Teaching Absolute Value Equations/Inequalities

I taught Absolute Value equations and inequalities for the first time in depth this year.  There were the usual student struggles, but I kept being reminded of a conversation with Sam Shah that I had a year or more ago about this topic…He was frustrated that his students were more focused on memorizing “the procedure” rather than understanding how/why we solve absolute value problems the way we do.  Now, I find myself with the same problem.  Here’s my current idea for next year:

Day 1: Teach only problems of the form a|x| + b = c, where a,b,c are in R. 

Day 2: Repeat/review this, or move onto inequalities of the form a|x|+b>c (or <c).

I want to make three big points in having only the variable inside the absolute value:

  1. It is important to isolate the absolute value.
  2. There is no “inverse” for an absolute value.
  3. When you get down to |x| = d, you HAVE TO THINK! 

My hope is that when students get to the point of |x| = d or |x| > d, they stop to think what the possible answers are.  There is no way to magically “cancel out” the absolute value.  However, once we isolate that side of the equation, we can reason through the answer.  I have been stressing in my class this year the idea that there are moments when you have to “put your hands in your lap and think” for a second.  This would be one of those moments.

Only after students are comfortable with this, would I extend to problems of the form a|px+q|+b=c, etc.  My hope is that they will get good at isolating the absolute value, and then THINKING about what makes sense next.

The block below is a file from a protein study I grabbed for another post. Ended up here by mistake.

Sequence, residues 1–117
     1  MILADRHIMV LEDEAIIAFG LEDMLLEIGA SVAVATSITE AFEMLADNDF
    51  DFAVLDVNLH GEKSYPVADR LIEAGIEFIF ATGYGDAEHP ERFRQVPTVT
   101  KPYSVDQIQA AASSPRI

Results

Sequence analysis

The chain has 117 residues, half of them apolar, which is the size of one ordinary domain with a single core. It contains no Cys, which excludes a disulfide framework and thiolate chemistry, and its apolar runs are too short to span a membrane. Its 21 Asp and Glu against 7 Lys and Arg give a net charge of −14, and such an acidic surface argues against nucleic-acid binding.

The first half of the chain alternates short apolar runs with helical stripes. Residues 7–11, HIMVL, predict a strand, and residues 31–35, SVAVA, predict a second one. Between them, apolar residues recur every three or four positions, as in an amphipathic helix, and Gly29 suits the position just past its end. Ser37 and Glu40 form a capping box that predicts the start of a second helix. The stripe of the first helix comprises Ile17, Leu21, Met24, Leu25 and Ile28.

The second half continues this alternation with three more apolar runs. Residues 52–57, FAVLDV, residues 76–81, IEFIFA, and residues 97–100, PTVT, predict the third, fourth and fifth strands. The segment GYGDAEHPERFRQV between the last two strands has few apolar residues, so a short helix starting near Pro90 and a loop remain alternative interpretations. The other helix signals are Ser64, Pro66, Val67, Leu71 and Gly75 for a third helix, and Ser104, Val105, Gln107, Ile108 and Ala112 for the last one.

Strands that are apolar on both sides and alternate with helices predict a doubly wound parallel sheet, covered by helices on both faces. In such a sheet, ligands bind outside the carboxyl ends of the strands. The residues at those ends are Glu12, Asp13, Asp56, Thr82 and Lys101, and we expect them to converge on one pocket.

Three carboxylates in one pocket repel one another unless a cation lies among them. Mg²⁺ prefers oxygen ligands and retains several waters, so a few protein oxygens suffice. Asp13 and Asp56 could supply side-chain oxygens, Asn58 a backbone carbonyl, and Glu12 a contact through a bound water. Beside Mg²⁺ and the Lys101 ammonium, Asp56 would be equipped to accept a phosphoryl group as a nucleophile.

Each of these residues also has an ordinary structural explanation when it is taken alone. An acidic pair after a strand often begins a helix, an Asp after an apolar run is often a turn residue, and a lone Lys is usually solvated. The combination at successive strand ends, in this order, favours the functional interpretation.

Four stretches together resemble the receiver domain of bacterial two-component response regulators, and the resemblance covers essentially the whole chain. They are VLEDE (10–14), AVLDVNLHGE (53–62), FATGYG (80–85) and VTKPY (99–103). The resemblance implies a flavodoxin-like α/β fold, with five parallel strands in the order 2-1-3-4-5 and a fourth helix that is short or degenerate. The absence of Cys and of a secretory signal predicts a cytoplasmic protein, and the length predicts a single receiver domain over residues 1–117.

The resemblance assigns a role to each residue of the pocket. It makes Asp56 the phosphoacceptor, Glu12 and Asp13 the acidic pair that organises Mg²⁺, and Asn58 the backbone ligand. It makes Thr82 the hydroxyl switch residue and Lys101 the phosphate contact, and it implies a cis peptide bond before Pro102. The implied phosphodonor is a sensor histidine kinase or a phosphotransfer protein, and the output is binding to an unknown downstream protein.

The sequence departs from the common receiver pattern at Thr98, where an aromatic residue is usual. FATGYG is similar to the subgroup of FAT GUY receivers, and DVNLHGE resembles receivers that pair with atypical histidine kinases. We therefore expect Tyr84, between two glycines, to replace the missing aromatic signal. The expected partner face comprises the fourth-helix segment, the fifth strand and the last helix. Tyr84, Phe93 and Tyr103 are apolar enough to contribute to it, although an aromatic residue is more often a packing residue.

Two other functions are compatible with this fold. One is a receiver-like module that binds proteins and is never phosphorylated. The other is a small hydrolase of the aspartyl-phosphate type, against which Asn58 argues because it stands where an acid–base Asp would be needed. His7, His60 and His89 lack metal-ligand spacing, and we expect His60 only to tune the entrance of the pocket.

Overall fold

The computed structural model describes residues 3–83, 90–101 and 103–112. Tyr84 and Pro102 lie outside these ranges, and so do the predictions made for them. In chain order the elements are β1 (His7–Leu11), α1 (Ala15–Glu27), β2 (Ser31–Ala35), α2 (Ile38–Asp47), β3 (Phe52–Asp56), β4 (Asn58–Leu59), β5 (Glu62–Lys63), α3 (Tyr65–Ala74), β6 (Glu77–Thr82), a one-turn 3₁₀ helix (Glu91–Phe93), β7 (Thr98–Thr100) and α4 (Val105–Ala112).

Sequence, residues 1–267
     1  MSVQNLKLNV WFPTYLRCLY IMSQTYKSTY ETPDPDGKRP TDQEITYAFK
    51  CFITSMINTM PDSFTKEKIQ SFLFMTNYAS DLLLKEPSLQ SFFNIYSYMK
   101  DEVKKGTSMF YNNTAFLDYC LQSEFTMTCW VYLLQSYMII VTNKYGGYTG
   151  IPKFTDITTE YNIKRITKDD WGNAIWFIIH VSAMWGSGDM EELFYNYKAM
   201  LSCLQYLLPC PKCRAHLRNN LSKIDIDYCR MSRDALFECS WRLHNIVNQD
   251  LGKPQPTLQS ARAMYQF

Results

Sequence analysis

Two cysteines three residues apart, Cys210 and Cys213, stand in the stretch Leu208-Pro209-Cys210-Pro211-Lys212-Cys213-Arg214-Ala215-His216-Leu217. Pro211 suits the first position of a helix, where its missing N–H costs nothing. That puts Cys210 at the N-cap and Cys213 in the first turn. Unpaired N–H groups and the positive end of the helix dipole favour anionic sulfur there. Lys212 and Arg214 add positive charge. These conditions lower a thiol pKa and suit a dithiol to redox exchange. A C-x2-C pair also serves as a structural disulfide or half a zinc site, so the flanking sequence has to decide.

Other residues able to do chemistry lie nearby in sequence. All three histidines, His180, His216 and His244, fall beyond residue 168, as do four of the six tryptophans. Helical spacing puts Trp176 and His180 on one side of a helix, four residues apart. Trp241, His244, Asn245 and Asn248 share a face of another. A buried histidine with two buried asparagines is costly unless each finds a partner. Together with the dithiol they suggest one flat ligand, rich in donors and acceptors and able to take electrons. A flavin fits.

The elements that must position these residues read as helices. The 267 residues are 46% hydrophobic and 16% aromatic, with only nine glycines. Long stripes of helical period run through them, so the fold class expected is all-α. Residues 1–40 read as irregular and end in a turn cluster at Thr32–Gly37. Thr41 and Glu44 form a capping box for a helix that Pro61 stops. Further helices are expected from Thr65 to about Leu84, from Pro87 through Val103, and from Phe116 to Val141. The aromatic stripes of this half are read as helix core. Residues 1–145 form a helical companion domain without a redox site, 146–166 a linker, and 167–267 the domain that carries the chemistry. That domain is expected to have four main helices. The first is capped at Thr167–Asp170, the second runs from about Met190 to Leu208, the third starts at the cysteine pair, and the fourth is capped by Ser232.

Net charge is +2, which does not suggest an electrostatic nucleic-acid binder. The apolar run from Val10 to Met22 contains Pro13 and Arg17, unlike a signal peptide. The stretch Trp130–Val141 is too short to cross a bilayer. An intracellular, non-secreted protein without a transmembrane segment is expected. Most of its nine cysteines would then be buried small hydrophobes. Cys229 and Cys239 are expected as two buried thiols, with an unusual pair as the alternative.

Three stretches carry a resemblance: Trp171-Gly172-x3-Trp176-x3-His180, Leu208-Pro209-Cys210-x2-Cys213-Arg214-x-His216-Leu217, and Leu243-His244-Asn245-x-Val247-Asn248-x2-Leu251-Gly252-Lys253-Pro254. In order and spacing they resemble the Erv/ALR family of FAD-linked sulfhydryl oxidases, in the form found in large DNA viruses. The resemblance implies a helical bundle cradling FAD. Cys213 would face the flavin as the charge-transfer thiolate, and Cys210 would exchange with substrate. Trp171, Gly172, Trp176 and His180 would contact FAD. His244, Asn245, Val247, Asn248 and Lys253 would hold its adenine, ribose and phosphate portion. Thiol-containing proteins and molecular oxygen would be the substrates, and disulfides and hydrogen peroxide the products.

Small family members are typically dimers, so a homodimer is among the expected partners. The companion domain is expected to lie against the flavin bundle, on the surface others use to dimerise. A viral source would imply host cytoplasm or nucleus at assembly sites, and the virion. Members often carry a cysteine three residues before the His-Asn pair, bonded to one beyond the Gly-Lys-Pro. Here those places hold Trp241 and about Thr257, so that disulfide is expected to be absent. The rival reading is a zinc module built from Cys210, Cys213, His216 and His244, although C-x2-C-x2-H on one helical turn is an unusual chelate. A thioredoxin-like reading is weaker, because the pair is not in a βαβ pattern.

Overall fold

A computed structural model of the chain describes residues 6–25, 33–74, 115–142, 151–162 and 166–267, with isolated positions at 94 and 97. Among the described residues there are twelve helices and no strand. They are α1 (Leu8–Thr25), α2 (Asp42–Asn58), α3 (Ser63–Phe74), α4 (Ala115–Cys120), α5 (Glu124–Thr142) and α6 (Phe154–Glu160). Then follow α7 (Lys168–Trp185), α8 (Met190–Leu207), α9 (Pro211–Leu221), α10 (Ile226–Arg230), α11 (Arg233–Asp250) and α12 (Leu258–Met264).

We will see how it goes next year…

 

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3 Comments

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3 responses to “Teaching Absolute Value Equations/Inequalities

  1. I absolutely love point #2: there is no inverse function for absolute value. That seems to me to be the most crucial thing — and if I were to teach it again, I would highlight that.

    I actually got pretty good at teaching them (with understanding). Here’s an awesome worksheet I made to get them thinking about the ideas but in a concrete way:
    http://samjshah.com/2010/09/22/two-worksheets/

    Also, some great T/F questions which revealed some amazing misconceptions even my strongest students had.

    Sam

  2. I have told them that the absolute value bars are like a jail and the ‘a’ and ‘b’ are like guards. We have to get the guards away from the jail before we can break the x out of the jail. Kids seem to like the story.

Thoughts?

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